In-House vs Outsourcing
It’s reasonable to wonder whether or not you should purchase your own 3D printer or 3D scanner and bring these capabilities in-house. You might see all the money being spent on outsourcing and wonder how much the equipment really costs. Maybe you’ve even received a quote from an equipment re-seller and the number seemed reasonable. But, as we’ll show below, there are number of hidden costs to bringing 3D printing and 3D scanning in-house.
Cost of Ownership – 3 Year Period
Below, we’ll review the typical cost of ownership, based on our own experience, for a single piece of industrial 3D printing or 3D scanning equipment over the course of 3 years. There are smaller, more affordable printers and scanners available, and a number of our regular customers have them in-house, but they are typically not suited to industrial applications. When deciding whether or not to purchase equipment or outsource, most people aren’t aware of the costs beyond the equipment itself. As we’ll show below, this is just a portion of the overall cost.
A thermoplastic or photopolymer 3D printer is suitable for the majority of applications. This includes technologies such as fused deposition modeling (FDM), stereolithography (SLA), PolyJet and MultiJet. Top-of-the-line equipment using these technologies will give you access to a large build volume and a variety of materials. These machines typically sell for around $250,000, but other technologies, such as selective laser sintering (SLS) and direct metal laser sintering (DMLS), can cost significantly more.
For a high-resolution 3D scanner capable of inspection and analysis, you can expect to pay round $130,000. Most industrial 3D scanning uses either structured light or laser scanner. There are more affordable options available, but they are often incapable of capturing enough detail to get the data you need..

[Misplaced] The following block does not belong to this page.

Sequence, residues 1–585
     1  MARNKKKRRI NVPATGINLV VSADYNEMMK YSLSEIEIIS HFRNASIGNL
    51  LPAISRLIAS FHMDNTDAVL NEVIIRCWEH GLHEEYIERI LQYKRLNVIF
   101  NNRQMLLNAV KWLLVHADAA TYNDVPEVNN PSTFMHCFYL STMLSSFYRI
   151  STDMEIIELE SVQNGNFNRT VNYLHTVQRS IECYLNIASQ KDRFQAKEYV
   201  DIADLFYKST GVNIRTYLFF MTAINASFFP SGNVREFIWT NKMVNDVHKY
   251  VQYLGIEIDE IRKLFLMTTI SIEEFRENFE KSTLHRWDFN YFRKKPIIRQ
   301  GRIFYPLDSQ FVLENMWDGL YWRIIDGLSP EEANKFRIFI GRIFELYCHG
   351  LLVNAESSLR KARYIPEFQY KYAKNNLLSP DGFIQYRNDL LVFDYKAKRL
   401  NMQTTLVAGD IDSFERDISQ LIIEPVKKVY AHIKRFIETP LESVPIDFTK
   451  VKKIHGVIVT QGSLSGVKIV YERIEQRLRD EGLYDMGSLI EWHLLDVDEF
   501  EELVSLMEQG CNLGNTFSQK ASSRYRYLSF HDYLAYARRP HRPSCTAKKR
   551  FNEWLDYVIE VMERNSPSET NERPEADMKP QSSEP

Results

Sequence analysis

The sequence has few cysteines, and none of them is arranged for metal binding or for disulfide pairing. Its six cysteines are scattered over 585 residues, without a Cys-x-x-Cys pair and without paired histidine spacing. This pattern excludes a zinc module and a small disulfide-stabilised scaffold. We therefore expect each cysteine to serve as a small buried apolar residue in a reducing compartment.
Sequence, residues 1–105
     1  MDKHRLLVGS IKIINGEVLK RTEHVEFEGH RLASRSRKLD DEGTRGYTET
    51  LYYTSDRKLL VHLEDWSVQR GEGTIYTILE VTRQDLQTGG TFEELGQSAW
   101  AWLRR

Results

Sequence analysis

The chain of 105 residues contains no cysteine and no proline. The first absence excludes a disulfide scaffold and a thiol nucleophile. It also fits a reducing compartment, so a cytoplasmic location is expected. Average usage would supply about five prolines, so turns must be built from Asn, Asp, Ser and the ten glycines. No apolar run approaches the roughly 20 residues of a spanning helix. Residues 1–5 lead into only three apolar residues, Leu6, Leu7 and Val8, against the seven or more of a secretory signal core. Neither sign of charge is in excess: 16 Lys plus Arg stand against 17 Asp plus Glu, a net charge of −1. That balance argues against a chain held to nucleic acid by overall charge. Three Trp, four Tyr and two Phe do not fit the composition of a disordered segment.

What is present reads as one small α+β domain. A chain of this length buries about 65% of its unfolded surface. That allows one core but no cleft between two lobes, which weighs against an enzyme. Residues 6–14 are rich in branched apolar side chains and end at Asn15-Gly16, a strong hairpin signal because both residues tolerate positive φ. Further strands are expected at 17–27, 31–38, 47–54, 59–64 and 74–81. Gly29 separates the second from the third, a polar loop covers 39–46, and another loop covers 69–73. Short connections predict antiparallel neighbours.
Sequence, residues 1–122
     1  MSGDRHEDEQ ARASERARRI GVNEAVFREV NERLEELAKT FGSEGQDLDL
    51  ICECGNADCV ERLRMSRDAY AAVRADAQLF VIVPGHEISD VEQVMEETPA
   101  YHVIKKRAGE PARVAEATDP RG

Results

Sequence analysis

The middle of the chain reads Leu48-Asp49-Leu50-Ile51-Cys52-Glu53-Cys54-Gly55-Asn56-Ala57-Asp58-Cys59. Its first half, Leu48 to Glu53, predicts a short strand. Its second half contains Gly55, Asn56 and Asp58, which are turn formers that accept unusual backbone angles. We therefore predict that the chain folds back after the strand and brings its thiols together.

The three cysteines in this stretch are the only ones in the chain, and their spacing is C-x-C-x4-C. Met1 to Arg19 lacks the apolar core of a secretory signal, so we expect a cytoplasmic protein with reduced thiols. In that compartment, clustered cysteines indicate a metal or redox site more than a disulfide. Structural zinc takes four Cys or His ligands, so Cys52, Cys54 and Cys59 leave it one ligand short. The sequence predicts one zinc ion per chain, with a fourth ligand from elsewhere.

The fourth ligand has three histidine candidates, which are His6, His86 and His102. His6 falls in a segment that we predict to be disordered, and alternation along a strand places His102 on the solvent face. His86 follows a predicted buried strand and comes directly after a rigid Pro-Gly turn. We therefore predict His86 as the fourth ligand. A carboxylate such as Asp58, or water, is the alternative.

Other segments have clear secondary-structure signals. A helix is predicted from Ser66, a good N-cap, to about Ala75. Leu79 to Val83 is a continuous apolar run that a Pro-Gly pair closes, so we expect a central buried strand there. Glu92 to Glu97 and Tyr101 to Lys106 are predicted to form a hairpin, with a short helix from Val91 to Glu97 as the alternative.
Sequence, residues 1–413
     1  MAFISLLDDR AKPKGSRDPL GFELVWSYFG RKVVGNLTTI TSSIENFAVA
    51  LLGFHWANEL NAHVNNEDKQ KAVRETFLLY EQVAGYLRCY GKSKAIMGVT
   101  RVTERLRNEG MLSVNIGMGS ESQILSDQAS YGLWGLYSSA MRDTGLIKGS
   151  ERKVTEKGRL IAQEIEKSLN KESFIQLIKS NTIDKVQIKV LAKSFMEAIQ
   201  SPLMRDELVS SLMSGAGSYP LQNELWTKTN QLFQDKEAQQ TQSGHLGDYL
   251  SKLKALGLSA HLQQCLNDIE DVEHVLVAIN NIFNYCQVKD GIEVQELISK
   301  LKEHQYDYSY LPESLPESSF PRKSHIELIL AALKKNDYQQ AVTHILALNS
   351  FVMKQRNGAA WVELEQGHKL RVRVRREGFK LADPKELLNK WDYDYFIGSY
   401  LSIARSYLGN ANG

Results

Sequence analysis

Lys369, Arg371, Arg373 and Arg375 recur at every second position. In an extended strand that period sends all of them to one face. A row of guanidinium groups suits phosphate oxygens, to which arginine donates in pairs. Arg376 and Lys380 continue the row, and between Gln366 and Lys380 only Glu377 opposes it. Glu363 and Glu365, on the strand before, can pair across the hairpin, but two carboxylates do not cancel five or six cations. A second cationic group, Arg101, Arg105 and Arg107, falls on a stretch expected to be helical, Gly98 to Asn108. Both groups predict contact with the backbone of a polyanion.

Not many people are aware of the post-processing equipment necessary for just about any 3D printing technology. Nearly all plastic printers use support material to keep free-standing structures and overhangs from collapsing while printing and this material must be removed once the print is complete.
FDM uses a plastic-like material that is removed by a wash tank filled with a mildly corrosive solution. PolyJet coats and fills the entire part with a waxy substance that is removed by a combination of hand tools, pressure washing and a corrosive solution. MultiJet support material is also wax-like and is baked away in an oven.
While not as extensive, 3D Scanning also requires additional equipment in order to operate. Depending on the type of scanner, you will need a FARO arm or a tripod as well as the tools needed to properly calibrate your equipment.
Consumable materials are a significant portion of the cost of running a 3D printer. The build materials which your parts will be made from typically cost $7 to $15 per cubic inch and are purchased in large canisters costing anywhere from $600 to $1,200. Additionally you have the cost of support material for each part, which typically costs half of what the build material costs, and any materials used in support removal.